Republicans and independents heavily favor contraception, sex ed

Opposition to contraception and support for abstinence-only sex ed are extreme minority positions, even among Republicans and Independents, according to a new survey by the National Women’s Law Center and the YWCA USA.* A couple of points:

* Nearly three-quarters (72%) of Republicans and Independents favor legislation that would make it easier for people at all income levels to obtain contraception, and 70 percent favor legislation that would help make birth control more affordable. More than 60 percent of fundamentalist/evangelical Protestants favor these proposals.

* Only 8 percent of Republicans and Independents think the government should support abstinence-only education. A strong majority of Independents (76%) and Republicans (62%) believe the government should support comprehensive sex education programs that include information about abstinence, as well as information about contraception and sexually transmitted diseases.

And yet for some reason, we’re still pretending in this country that pro-contraception and comprehensive sex ed policies are radical liberalism. If you’re a Republican who favors them, consider writing to your party’s leadership to ask them to represent you and the majority who believe as you do.

*The usual cautions about study design and sampling do apply, of course. I’ve written to ask for more information. These results are consistent with other polls I’ve seen, though.

“Abstain, or else no one will believe you if you’re raped”

Via Feministing, an abstinence education horror story.

A group called “Abstinence ‘Till Marriage Education” is receiving $600,000 to provide abstinence-only “education” in Ohio. Now, I’m used to hearing stories about abstinence-only programs calling young people (especially young female people) who have sex impure and possessed of low moral character, or comparing them to chewed gum or used duct tape. ATM’s “Abstain, or else no one will believe you if you’re raped” approach may be a new low, though.

You can see the whole sordid mess at their website, Miss the Mess.com – Party Rooms. (ETA: not anymore — see below)

To summarize briefly: the site tells the story of four teenagers who were at a party. Two of them leave, and then one (Rochelle) accuses the other (Jason) of having raped her. The four tell their accounts of what happened.

According to Jason’s ex-girlfriend, Jason “expected sex to be part of any relationship he was in” while “Rochelle was considered a slut.” The viewer is asked whose story is considered the least credible. I assume you won’t be surprised when the answer is “Rochelle.” She’s had sex, you see — or at least, rumor has it that she’s had sex, and having rumors going around about you is risky behavior! (You’re wondering why having had actual, non-rumored sex doesn’t destroy Jason’s credibility, aren’t you? What are you, some kind of feminist?) She also made “questionable decisions” — like driving her drunk friend home from a party when there was a boy who offered to drive him instead.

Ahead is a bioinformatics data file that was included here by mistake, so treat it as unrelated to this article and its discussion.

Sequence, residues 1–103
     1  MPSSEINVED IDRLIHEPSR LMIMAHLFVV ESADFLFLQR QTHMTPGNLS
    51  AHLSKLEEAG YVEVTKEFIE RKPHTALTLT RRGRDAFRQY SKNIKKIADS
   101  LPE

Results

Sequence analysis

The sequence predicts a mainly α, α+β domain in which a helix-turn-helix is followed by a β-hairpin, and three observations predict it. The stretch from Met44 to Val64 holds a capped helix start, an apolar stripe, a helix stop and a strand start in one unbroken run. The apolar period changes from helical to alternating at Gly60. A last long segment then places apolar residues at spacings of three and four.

Interestingly, I’m looking through the page several hours after I first viewed it, and it appears that ATM have made some quick changes to the public face of their program. The quiz no longer answers the question of who is considered least credible. There’s also now a giant disclaimer at the beginning stating that “any crime occurring as a result of risky decision [sic] is still a crime and ATM Education strongly encourages teens to seek a trusted adult or notify the proper authorities in such cases.”

Good luck getting anyone to believe you though, slut.

(You can contact the White House to ask President Obama to remove funding for programs like this when he submits his proposed budget to Congress.)

I don’t want to sound ungrateful, but …

Last week, the White House announced its new plan to reduce the perceived need for abortion — as part of the expanded White House Office of Faith-Based and Neighborhood Partnerships.

I’m pleased to see President Obama following through on this campaign promise. All the same, I couldn’t help being disappointed. The word “women” was used exactly once in the announcement. Three out of the fifteen named council members are women.

I had hoped that the abortion-reduction program would be under Health and Human Services, or possibly a revived White House Office of Women’s Initiatives and Outreach. Basing the program there would have shown that President Obama understands that the problems driving women to abortion are not just personal, but systemic. A woman-centric abortion reduction program also would have made partners of women’s advocates and abortion opponents — two groups who should have so many of the same goals, but often end up in opposite camps due to our toxic abortion politics.

I worry that this move is more about placating religious people who are distressed by abortion than it is about actually ending it. I also worry about abortion reduction being stereotyped as solely a religious concern — like that isn’t enough of a problem already.